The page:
The financing for development (FfD) outlook for the Arab region remains turbulent. The prognosis stems, in no little measure, from a strained socioeconomic fabric that risks being frayed by the biases of the FfD status quo. The ability of Arab societies to withstand, adapt and recover from cascading global and regional crises is withering. Yet, it is this very region that continues to demonstrate a unique form of resilience as it continues to finance development both within its confines and in other parts of the world.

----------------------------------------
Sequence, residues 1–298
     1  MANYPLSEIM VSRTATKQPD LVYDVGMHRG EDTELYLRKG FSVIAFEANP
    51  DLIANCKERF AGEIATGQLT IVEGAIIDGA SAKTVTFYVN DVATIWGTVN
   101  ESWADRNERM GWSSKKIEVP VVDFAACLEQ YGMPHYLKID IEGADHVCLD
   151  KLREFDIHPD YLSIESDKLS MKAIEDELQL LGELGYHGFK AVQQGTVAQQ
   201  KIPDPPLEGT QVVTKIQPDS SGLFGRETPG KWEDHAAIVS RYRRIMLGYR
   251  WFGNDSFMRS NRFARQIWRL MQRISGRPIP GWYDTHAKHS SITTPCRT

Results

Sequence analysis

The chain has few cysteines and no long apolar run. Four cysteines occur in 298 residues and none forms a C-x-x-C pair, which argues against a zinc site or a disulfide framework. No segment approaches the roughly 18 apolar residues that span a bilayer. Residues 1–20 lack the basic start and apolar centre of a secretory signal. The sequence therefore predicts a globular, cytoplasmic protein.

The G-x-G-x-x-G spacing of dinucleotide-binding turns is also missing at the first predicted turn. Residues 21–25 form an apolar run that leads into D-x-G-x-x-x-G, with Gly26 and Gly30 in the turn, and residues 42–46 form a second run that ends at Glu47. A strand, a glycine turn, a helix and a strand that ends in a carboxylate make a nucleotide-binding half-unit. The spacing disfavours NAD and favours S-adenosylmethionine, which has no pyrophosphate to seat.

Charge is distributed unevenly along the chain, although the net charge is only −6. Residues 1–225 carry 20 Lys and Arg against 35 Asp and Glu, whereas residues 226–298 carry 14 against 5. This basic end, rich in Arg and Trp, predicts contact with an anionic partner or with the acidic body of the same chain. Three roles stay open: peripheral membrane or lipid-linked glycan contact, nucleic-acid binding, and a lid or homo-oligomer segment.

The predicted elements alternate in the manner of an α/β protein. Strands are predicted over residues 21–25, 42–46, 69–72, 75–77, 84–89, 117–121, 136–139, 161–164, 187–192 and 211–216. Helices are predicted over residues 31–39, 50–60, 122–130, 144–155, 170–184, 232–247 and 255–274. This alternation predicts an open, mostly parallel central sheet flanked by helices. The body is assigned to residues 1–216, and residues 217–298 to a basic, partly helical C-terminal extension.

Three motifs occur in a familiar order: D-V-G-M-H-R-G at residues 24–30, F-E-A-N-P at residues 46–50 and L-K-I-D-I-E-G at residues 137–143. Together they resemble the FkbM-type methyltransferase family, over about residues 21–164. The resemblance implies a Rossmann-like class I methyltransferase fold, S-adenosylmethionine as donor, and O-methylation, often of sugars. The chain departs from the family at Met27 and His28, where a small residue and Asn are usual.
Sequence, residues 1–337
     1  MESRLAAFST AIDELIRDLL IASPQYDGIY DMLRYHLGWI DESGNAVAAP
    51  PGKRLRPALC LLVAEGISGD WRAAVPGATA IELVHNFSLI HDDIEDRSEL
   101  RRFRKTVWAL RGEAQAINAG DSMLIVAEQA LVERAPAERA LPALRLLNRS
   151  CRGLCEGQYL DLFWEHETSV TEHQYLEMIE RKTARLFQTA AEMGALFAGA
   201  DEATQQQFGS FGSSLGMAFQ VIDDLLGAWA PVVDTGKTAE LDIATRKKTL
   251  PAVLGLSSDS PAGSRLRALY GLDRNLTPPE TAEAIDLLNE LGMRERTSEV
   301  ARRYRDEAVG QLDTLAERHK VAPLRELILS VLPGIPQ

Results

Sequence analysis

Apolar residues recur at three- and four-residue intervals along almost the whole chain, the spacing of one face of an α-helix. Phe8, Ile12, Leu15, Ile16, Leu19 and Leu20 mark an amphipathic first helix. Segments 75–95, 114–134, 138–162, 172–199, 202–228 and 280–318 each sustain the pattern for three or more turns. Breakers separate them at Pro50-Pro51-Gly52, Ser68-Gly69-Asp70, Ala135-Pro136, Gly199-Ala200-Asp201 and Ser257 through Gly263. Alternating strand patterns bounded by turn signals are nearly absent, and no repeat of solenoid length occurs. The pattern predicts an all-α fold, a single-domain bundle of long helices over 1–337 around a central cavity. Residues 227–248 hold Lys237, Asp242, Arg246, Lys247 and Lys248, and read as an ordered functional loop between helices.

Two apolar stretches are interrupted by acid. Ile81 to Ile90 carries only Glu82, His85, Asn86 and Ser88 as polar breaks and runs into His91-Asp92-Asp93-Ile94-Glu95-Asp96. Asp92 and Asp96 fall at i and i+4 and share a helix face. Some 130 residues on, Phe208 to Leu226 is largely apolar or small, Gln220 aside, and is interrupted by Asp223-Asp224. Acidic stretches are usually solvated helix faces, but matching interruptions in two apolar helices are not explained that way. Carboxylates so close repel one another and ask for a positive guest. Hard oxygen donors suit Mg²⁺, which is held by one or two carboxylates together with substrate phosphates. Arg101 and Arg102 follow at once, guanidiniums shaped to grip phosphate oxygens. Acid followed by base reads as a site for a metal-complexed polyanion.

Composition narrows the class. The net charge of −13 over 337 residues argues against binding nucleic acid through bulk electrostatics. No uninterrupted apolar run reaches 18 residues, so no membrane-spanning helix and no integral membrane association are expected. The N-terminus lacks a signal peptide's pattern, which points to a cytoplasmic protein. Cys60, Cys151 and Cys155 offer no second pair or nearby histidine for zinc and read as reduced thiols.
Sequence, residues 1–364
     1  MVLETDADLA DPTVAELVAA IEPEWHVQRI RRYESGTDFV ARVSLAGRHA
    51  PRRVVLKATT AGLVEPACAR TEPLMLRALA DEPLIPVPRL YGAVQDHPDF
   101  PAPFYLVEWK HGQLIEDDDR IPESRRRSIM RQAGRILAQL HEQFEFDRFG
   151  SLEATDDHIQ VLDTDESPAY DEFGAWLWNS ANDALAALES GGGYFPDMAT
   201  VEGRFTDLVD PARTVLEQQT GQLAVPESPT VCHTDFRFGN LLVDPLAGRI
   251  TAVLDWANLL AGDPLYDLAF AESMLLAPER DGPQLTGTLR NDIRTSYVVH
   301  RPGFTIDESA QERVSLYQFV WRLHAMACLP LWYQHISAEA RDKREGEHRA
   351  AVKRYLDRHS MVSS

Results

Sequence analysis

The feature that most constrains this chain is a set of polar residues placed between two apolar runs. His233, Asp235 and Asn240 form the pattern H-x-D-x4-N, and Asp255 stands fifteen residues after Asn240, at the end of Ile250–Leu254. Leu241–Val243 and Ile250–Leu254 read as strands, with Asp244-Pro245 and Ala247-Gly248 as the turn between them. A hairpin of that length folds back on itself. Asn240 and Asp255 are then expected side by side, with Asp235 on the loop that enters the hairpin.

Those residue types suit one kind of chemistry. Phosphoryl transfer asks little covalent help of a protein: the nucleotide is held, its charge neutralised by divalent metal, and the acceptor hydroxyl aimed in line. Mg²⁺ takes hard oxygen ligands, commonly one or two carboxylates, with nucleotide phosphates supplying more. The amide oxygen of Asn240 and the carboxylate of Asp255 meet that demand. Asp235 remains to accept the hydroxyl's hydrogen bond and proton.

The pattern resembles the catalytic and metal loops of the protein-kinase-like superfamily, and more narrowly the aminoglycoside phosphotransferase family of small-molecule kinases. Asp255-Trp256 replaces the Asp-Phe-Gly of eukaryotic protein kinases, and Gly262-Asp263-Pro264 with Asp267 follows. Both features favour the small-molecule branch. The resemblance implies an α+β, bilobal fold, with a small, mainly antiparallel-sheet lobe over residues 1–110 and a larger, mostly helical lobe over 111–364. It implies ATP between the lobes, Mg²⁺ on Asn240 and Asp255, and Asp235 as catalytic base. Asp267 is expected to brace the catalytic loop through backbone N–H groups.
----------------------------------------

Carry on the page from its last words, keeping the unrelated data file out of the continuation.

A compelling finding drawn from the analysis of direct and indirect FfD exposures reveals that on average, for every $1 gained/mobilized through prime cross-border FfD channels, the region lost/returned $2.5 to other regions, including high-income bracket economies. The situation challenges the dominating development narrative as the region appears to be witnessing a FfD reflux. Substantial resources are flowing out of rather than into the region, constituting a leakage or, at best, an opportunity lost to finance the region’s own reconstruction and sustainable development imperatives.